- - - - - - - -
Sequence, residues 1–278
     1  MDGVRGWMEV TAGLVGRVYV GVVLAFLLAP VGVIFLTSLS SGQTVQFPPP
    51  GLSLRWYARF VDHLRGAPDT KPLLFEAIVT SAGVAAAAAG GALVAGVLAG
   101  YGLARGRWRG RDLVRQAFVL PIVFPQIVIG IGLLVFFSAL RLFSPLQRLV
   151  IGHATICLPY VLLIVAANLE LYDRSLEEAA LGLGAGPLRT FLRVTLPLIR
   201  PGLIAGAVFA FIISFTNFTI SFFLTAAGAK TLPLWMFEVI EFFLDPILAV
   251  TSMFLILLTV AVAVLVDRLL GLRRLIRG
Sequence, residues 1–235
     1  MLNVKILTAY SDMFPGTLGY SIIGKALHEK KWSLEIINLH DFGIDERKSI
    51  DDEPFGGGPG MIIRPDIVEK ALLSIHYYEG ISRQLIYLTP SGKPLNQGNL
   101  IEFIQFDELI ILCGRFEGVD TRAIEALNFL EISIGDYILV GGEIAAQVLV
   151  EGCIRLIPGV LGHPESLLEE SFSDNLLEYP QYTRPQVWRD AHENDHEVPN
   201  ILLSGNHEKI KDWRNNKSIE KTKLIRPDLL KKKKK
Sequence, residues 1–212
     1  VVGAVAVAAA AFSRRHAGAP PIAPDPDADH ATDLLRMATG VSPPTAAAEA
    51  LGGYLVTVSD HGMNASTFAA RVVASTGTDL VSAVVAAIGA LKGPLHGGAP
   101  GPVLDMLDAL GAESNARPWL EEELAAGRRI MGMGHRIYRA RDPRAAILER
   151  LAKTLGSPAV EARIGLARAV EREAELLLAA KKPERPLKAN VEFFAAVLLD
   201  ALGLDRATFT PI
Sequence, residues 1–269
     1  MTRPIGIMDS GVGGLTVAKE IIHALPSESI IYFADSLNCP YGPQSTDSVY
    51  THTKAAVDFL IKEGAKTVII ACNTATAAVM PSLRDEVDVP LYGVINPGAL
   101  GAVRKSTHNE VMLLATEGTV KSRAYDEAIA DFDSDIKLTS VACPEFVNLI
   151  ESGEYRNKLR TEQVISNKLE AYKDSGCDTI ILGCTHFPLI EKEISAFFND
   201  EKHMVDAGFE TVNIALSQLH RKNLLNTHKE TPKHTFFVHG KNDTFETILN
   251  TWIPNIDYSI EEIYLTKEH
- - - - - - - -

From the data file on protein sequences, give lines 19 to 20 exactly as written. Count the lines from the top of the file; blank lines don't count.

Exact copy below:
   201  ALGLDRATFT PI
Sequence, residues 1–269